”16/17 November 1776 - The Army [British/Hessian] marched 22 English miles to New York (City) via Kings Bridge to Fort Washington, New York. Fort Washington was situated on a steep hill between the Hudson river and the Harlem Creek. The American’s in Fort Washington surrender to the British and Hessians but not after losing about 450 killed and some 2,800 Americans captured.”

    The popular American history states: ”Fort Washington, NY 16 Nov. 1776 American commander surrendered Fort Washington to the Hessians.”

    The Americans make much of Rogers Rangers and how their irregular tactics influenced American military – and yet, Rogers, Butler etc fought for the British?

    They also frequently seem to pass over the importance of the French Navy in the war, and, definitely do not like to mention how the new American militia elected to bring Canada into the revolution, yet their superior numbers got their butts kicked and the remnants fled south. Even the French colonials at Quebec city preferred to fight with the British rather than join the Americans.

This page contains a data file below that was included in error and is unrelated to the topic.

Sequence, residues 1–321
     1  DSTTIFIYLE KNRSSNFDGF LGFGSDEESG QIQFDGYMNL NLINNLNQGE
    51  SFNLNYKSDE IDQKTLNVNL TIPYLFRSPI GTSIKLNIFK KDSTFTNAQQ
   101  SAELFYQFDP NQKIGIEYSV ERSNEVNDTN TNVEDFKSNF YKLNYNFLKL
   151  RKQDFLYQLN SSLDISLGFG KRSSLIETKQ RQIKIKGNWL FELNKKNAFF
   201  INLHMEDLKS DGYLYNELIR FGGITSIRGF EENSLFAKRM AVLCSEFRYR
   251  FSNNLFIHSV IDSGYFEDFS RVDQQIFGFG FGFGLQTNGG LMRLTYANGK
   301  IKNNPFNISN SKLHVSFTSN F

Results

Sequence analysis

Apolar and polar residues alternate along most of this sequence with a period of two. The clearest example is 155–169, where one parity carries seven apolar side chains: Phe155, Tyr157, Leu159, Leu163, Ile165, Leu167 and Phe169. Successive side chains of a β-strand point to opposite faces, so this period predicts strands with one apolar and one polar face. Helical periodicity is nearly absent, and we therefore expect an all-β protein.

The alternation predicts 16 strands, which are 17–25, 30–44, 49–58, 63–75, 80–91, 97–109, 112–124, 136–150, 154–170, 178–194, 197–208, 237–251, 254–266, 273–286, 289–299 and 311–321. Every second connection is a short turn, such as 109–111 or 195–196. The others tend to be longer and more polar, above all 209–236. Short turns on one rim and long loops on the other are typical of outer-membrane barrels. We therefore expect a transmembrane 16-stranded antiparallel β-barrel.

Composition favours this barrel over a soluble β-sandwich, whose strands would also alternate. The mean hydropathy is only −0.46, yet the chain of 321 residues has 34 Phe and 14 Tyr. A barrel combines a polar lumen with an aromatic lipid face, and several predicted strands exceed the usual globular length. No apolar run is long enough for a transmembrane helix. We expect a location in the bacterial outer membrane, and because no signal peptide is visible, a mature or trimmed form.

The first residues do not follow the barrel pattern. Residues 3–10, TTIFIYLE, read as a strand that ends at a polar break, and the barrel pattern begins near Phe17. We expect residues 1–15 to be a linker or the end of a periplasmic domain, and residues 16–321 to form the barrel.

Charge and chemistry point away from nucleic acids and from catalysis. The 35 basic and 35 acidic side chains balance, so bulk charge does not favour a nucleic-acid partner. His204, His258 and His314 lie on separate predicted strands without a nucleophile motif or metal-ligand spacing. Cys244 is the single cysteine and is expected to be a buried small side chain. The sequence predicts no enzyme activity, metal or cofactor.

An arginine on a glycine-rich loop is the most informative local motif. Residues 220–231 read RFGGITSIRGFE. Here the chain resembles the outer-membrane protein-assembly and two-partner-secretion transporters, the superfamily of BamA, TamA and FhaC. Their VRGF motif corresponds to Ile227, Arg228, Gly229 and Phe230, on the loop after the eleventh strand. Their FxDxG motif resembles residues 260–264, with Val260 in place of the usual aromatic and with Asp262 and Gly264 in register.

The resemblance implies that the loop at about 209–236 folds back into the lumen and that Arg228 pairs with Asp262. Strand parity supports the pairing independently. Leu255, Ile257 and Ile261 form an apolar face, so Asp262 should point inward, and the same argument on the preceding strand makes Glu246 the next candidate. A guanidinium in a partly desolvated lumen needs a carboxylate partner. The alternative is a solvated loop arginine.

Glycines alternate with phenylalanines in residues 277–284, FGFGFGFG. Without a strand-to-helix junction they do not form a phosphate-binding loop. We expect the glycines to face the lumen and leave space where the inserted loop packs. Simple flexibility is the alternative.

Nothing changes the end result of course.

    No.9
     
  6. Smoo.
    It was a Revolution coz they won in the end :( Effing Sceptic Bastards.
     
  7. surely to have a revolution you have to have been an independant nation to start off with
     
  8. This lot are pretty knowledgeable. I once had the pleasure of firing a replica Brown Bess with them at a reenactment.

    http://www.rwfia.org/
     
  9. Given that a sizeable majority in the American colonies were actually either loyalists or neutral (Indians, foreign nationals, religious colonies, etc), then the war might be defined as a coup or state-sponsored (France & Spain) sedition.

    An interesting aspect of the fledgling American government is that they were actually actively debating having someone as King (Washington apparently turned down the honour) - which rather sweeps away the modern myth of a revolution for democracy......

    Good luck to Scareyspice's correspondent: I have many dear American friends, many of them highly educated and intelligent. However the "Mel Gibson" version of history is firmly welded into the national psyche, and its near impossible to get them to even consider a neutral historical version of events - even those from US historians.